Dec 2019 operating session Video



All of the times shown on the video are from the 4:1 “fast” clock used during operating sessions.

To help understand what went on. The session started at 0600 (6am) “fast” time. 

The first train on the layout was 313 the down Mt Gambier goods which is said to have come from Mile End yard in Adelaide. 313 departed Cooper (west end staging) at 0606. 313 is a through train that has only one stop on the layout, Kanunda, where it sets out a cut if cars. From Kanunda it proceeds around the layout until it reaches Foster (east end staging), from where we assume it proceeds on to it’s destination at Mt Gambier in the south east of South Australia 466 Km from Adelaide.

102 the up Overland is the daily interstate passenger train that has departed from Melbourne and enters the layout through Foster at 0608. 102 is a through train that only stops briefly at Kanunda before proceeding to Cooper (east end staging), from where it is considered to be heading to Adelaide after its about 750 km journey from Melbourne.

The Mt Gambier goods and Overland are run to time table along with six other trains. All of the other trains which carry out shunting duties are run as extras using train orders.

The first of the extras is 402 the up Myrtle Springs goods which departs from it’s dedicated staging track and proceeds to its destination Kanunda carrying out shunting duties at Wooldowie on the way.

119 the down Emu Flat passenger (local timetabled passenger) comes from Adelaide and on the K&EFR it departs Cooper at 0655. 119 travels to Emu Flat stopping at all stations arriving at 0713 and after the loco has run around the train at Emu Flat it departs at 0725. Then as 120 up Emu Flat passenger it travels back to Cooper stopping at all stations arriving at 0742. 119 down Emu Flat passenger normally crosses 402 the up Myrtle Springs goods at Wooldowie.

The final train shown is 202 Adelaide Jet a fast through freight that does not stop on the layout. 202 runs to a timetable. It has travelled from Melbourne entering the K&EFR at Foster and is heading to Adelaide through Cooper.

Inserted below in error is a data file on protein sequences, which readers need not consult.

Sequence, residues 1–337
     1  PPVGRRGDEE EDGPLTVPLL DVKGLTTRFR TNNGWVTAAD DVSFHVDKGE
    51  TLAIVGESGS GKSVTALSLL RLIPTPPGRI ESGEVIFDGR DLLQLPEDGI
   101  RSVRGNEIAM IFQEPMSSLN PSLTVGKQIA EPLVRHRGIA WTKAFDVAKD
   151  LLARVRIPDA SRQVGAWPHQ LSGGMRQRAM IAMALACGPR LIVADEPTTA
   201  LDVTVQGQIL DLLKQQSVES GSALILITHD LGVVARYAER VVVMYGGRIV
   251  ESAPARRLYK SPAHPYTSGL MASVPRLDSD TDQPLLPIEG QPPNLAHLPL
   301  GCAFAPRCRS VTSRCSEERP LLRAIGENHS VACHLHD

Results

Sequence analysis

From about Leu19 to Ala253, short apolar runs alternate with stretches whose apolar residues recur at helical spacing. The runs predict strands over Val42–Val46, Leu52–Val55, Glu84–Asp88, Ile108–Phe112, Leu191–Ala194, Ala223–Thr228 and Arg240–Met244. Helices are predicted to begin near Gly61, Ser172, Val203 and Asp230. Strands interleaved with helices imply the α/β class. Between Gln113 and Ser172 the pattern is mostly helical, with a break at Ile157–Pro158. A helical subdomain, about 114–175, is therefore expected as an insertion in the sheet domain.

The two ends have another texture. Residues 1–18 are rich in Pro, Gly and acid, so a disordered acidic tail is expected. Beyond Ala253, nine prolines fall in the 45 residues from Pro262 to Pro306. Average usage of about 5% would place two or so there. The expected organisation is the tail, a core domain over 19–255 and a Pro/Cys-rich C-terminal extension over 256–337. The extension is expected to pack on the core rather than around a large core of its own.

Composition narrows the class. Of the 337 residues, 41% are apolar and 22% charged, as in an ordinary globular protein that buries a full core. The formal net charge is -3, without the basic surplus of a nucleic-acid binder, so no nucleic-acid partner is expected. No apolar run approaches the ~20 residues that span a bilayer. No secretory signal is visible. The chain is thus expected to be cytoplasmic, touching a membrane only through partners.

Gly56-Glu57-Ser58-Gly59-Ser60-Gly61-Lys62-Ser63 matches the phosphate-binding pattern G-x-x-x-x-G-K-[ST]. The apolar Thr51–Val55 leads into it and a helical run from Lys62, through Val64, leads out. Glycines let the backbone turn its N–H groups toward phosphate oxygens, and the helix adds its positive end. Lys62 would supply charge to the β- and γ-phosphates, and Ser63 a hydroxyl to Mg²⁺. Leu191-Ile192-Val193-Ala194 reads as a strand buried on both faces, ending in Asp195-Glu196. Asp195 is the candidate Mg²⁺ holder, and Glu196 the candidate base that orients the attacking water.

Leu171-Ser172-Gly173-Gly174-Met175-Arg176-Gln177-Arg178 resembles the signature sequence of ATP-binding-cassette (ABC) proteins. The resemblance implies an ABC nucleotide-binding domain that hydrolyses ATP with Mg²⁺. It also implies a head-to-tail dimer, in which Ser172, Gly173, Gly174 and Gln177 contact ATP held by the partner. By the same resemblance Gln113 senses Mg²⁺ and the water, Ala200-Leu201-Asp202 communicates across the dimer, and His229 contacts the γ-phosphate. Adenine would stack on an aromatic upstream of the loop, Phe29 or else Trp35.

For a track plan of the K&EFR please click on “About the Kanunda and Emu Flat railway” above.

Cheers Ken. 

December 2019




The Kanunda & Emu Flat Railway has been contracted to build some structures for the Southern Central  Rail Road. That is I have volunteered to build some structures for the club’s (Adelaide Model Railroaders) layout.

The first one that I am attempting is the Walthers Electric furnace. I was wondering what I had let myself in for by the time I got to step two. Step one said glue two pieces No 4 together, making part of the rear wall. Then the instructions said glue two pieces No 5 together, so far so good until I discovered the two no 5 pieces were too small to complete the wall. After examining the other wall pieces I discovered that two No 6 pieces would be a perfect fit to complete the wall. After that all that I have done so far has gone according to the instructions.


Above shows my progress so far on the electric furnace. Building these structures will take up most of my limited modelling time so for some time only essential maintenance will occur on the K&EFR.



Firstly thanks to all the operators for putting up with me videoing the session. I had three cameras going one being Ray’s (Wild Creek RR) Mobius mini camera shown on a Wild Creek flat in front of the Adelaide Jet as it passes Penstone Quarry while crossing one of the bridges over Five Mile Creek.. I got so much video recorded that it will take ages to get through it all.

We had five operators, Peter and Sol were the road crews, Rod Kanunda Yard Master, David Hostler, and myself Controller.

As usual we had couple of issues with the paper work. I had to retire C501, I think one of my solder joints on its stay-alive capacitor has broken. I replaced C501 with X54 and forgot to exchange loco cards. Then Peter got 119 the down Emu Flat Passenger and could not find the timetables for it. I had dropped them into the Livestock train’s box by mistake so really nothing major.

X49 on 102 the up Overland had a minor derailment on Sandiman Switch but still arrived at Cooper one minute early without apparently having to hurry. I wonder what speed it was doing as it approached Sandiman Switch. This was the only derailment all night.

Every thing seemed to run quite smoothly on the main. The Hostler job (staging Operator) like most yard jobs is fairly complex. I have been rotating that job around each session. But David pointed out that if operators had at least two sessions in a row as hostler they might get a better grasp of the job. So I think that it would be a good idea to give that a try.

While on the subject of the Hostler he is always under pressure near the end of the session when turning the roadside goods around. This session the hostler had the car card box for 310 the up roadside cards while noting it’s a cards. So the next road crew took 405 the down Myrtle Springs goods box out of order. Train control was setting up a camera and failed to notice that the Myrtle Spings goods was departing Kanunda earlier than usual. Train control needs to be more on the job. Any way all went well and the Hostler had more time to make up the up roadside goods. So I think we will change the sequence next session allowing the down Myrtle Springs goods to depart before the up roadside goods departs.